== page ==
About a year ago, I think offended a few businessmen for saying something to the effect of, “Profits are like oxygen – you need them to stay alive, but they’re not why you exist.”
Now, if you heard this statement in isolation, I guess you’d think I was some kind of tree-hugging socialist. And, of course, I am. But I didn’t say profits weren’t important. I said they weren’t why you existed.
If your absolute and stated goal as a business is to make as much money as possible, you’re basically a pirate (the bad kind). To a pirate, the world is simply a space with money in it. The problem is that there’s more money outside of your ship than inside. The pirate doesn’t have to think about things like creating brand appeal, satisfying customers, or creating unique and interesting products because, to the pirate, other people are simply places containing things that you would like to have.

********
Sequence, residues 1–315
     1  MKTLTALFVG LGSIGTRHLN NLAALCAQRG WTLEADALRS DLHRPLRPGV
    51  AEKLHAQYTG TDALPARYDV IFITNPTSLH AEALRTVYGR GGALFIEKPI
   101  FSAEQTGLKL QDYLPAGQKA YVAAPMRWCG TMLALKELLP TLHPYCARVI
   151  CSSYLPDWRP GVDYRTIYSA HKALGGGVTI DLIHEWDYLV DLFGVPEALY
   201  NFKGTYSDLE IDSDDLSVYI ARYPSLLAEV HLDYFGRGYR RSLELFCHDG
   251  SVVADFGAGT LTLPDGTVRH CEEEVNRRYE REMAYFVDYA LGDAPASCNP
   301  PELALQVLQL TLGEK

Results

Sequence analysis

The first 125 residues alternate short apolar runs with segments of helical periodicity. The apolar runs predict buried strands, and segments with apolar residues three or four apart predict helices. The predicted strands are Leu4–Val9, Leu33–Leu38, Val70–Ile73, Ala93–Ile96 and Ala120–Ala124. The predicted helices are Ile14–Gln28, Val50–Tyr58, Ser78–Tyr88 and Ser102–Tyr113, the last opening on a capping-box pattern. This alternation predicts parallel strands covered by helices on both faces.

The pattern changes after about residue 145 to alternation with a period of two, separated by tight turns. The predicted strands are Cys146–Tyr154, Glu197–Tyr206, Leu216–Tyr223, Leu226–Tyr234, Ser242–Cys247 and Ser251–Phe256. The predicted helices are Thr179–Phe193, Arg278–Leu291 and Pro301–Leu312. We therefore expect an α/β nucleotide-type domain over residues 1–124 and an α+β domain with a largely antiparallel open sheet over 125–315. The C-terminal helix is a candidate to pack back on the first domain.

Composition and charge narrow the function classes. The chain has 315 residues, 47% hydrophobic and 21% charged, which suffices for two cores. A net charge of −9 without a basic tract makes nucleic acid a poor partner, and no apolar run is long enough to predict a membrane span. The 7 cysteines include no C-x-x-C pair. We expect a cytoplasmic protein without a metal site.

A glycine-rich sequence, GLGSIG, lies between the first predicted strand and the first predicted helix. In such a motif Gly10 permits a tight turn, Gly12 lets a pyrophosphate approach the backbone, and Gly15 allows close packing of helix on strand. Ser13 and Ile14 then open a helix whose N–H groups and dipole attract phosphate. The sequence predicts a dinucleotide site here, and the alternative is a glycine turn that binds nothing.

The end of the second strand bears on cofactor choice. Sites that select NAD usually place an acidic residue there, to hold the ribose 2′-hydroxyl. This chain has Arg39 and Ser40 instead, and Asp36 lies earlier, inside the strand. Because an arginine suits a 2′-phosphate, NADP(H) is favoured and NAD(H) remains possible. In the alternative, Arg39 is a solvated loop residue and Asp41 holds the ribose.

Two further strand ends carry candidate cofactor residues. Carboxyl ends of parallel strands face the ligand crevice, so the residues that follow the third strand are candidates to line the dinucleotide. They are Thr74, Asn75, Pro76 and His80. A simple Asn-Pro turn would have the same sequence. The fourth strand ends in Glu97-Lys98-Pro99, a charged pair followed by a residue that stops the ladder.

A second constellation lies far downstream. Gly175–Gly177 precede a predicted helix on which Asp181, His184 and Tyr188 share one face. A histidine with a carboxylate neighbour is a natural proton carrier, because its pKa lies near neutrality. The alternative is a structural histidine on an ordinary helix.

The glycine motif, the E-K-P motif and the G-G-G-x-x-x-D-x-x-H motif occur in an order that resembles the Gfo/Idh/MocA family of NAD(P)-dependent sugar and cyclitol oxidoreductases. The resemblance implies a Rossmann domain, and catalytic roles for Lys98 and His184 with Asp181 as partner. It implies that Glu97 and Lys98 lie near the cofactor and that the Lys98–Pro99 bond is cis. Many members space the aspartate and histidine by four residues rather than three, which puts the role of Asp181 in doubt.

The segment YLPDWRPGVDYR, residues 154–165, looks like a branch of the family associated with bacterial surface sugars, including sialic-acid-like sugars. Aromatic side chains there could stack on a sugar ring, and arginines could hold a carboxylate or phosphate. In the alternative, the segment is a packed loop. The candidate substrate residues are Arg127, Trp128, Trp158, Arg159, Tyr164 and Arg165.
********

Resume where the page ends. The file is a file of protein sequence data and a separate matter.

The non-piratical way of making money is to
- Figure out what people want, need, or could want,
- Figure out what you’re good at doing,
- Do things that satisfy the above conditions, and
- Accept money in return.
If you keep focusing on new and interesting ways to help people, then customers will follow you. If you simply focus on getting their money, you will inevitably chase the customers – with a cannon.
Now, pirates don’t stop being pirates just because they recognize that it is (for the time being) more profitable to obey the law than not. These businessmen were perhaps a touch piratical. I don’t think their company is doing very well, and I’m not surprised. Rather than trying to make people (employees included) happy, they’re trying to extract money from them.
There’s definitely a place at every company for people who have this utilitarian worldview. They are vital, in fact, because they ask the hard questions other people aren’t willing to. But if the company forgets, along the way, that their goal is to provide useful goods and services (and accept money in return), then they’re going to gradually mutate into, say, Apple in the 1990′s.
Now, that brings me to another anecdote, which is particularly funny in this context. I think I was rejected from a job for asking how they intended to make money. That doesn’t make me a pirate any more than the above makes me a hippie. It just makes me a guy who would like to continue to have a roof over his head.